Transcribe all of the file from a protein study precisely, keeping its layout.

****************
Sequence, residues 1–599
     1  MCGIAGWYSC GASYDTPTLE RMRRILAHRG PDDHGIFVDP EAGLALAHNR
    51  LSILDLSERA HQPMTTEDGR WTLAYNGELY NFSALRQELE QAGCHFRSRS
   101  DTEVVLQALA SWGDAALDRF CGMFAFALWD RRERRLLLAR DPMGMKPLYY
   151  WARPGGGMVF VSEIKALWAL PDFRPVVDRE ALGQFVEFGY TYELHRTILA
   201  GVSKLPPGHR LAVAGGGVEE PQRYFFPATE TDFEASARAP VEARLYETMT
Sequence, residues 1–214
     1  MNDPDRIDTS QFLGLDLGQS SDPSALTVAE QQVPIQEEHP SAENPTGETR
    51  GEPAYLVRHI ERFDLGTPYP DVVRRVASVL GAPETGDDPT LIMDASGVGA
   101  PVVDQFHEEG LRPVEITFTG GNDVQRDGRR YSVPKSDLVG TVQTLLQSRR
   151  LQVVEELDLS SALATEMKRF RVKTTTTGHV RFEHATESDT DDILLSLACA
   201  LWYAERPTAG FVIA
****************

Sequence, residues 1–599
     1  MCGIAGWYSC GASYDTPTLE RMRRILAHRG PDDHGIFVDP EAGLALAHNR
    51  LSILDLSERA HQPMTTEDGR WTLAYNGELY NFSALRQELE QAGCHFRSRS
   101  DTEVVLQALA SWGDAALDRF CGMFAFALWD RRERRLLLAR DPMGMKPLYY
   151  WARPGGGMVF VSEIKALWAL PDFRPVVDRE ALGQFVEFGY TYELHRTILA
   201  GVSKLPPGHR LAVAGGGVEE PQRYFFPATE TDFEASARAP VEARLYETMT
Sequence, residues 1–214
     1  MNDPDRIDTS QFLGLDLGQS SDPSALTVAE QQVPIQEEHP SAENPTGETR
    51  GEPAYLVRHI ERFDLGTPYP DVVRRVASVL GAPETGDDPT LIMDASGVGA
   101  PVVDQFHEEG LRPVEITFTG GNDVQRDGRR YSVPKSDLVG TVQTLLQSRR
   151  LQVVEELDLS SALATEMKRF RVKTTTTGHV RFEHATESDT DDILLSLACA
   201  LWYAERPTAG FVIA